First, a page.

Learning About Historic Masonry Construction from Remaining Ruins

Architectural and structural engineering drawings often show sections of building elements and details almost like a blow up plan of mechanical drawings.  Actual seeing the inside of those conditions, gives you more inside into how these structural assemblies are actually built.  They look a lot different from the outside, and the outside is generally the only part building users, pedestrians walking by and average people ever get to see.  In the creation of this article we took a closer look at some open building assemblies to show the inside of those masonry walls, areas you don’t normally see.

In the picture below, you can see the ruins of a broken apart stone wall.  This wall is over a 100 years old.  At the left and right sides of the picture, you can see the edge of the exterior wall faces, also known as building facades.   Between those 2 vertical masonry wall faces, you can see the interstitial interior materials that you normally don’t have the opportunity to see from the outside. Here you can see the small filler stones and pockets of mortar that were used to fill voids and build the wall up to accommodate spaces between the odd geometrical shapes of the stone and rock. This is a rubble wall.  In this type of construction, mortar is used to fill those voids of varying shape and size.

By comparison an ashlar masonry wall has masonry units, whether of stone or brick, which are dressed to a rectilinear shape.  In that type of scenario, motor joints generally have a very consistent bed joint and perpend joint mortar thickness.  Ashlar masonry is not always built with units of of similar size from unit to unit, but ashlar masonry construction is generally rectilinear.   The particular stone of this wall is a high strength stone, very similar to granite stone. The mortar, the cohesive binder is a historic lime mortar.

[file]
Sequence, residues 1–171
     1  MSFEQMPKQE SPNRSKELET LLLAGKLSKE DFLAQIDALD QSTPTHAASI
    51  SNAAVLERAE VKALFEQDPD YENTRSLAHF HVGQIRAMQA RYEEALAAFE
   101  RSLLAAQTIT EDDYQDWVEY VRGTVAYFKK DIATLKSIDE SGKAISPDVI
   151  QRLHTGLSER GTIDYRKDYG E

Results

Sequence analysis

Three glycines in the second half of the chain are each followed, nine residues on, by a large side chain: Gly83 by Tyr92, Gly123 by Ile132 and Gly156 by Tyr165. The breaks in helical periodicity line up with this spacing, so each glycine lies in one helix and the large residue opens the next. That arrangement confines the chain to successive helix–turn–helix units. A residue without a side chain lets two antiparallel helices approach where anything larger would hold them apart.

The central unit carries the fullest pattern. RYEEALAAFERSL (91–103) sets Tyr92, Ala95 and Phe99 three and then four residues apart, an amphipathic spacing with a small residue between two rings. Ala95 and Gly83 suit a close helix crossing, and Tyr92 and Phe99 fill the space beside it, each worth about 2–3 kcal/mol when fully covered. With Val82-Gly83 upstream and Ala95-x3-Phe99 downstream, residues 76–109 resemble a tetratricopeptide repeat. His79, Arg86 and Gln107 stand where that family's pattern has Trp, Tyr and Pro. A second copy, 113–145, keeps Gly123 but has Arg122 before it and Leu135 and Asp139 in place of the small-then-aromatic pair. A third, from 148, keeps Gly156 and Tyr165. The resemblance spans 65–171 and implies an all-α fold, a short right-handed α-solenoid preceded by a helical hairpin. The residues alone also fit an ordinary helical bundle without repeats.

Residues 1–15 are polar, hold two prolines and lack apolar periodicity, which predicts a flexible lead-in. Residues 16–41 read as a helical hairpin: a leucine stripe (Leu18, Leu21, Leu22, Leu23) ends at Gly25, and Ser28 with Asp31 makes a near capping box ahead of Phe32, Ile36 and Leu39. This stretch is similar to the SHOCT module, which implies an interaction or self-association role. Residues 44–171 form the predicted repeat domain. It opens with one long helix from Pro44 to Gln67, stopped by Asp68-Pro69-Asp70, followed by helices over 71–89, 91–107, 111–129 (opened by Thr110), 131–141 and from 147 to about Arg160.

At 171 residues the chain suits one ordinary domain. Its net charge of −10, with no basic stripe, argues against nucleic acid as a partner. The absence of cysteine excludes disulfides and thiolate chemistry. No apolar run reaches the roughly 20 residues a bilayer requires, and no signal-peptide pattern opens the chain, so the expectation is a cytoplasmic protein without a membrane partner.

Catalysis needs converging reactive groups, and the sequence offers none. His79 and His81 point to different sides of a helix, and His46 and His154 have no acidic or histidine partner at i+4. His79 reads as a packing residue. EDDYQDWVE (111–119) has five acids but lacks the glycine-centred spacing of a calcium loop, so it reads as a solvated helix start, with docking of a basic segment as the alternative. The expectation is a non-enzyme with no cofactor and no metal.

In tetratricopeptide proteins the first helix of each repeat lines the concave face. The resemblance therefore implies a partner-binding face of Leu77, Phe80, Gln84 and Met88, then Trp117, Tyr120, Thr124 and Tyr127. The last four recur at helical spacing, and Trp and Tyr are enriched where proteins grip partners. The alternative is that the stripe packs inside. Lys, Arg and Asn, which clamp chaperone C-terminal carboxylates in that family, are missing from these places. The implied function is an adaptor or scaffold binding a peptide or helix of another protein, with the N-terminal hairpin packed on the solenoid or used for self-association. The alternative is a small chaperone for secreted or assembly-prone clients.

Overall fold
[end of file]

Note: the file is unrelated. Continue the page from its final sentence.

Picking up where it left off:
In the photo of a similar masonry wall ruin below, you can see the same sort of interior view of the wall as shown in the picture above.  However, In this case though the wall is made with red clay bricks. These bricks are similar to historic bricks but they’re actually higher temperature fired bricks. Nonetheless, the wall was built in a similar way. This wall happen to be hit by a motorized vehicle and we took this picture before the wall was rebuilt.  From an educational perspective, this gives us an opportunity to examine and understand how the wall was built many decades ago.   Historic masonry walls generally have little to no steel reinforcement. However in this wall you can see a deformed rebar which remains sticking out of the broken ruins of the kneewall.   That rebor provides horizontal lateral reinforcement.


In the adjacent architectural wall section detail below you can see a construction plan for building a masonry walled structure.  This is a wall section of a historic masonry wall. This is a solid brick wall, the majority of the span of the wall is triple wythe masonry assembly, meaning that it is a three bricks thickness construction. That three brick thickness is typical of Capitol Hill construction for commercial and large buildings, at above grade walls of comparatively heavy construction.  By comparison, smaller span and lighter load walls, such as historic residential row homes will often be double wythe wall construction.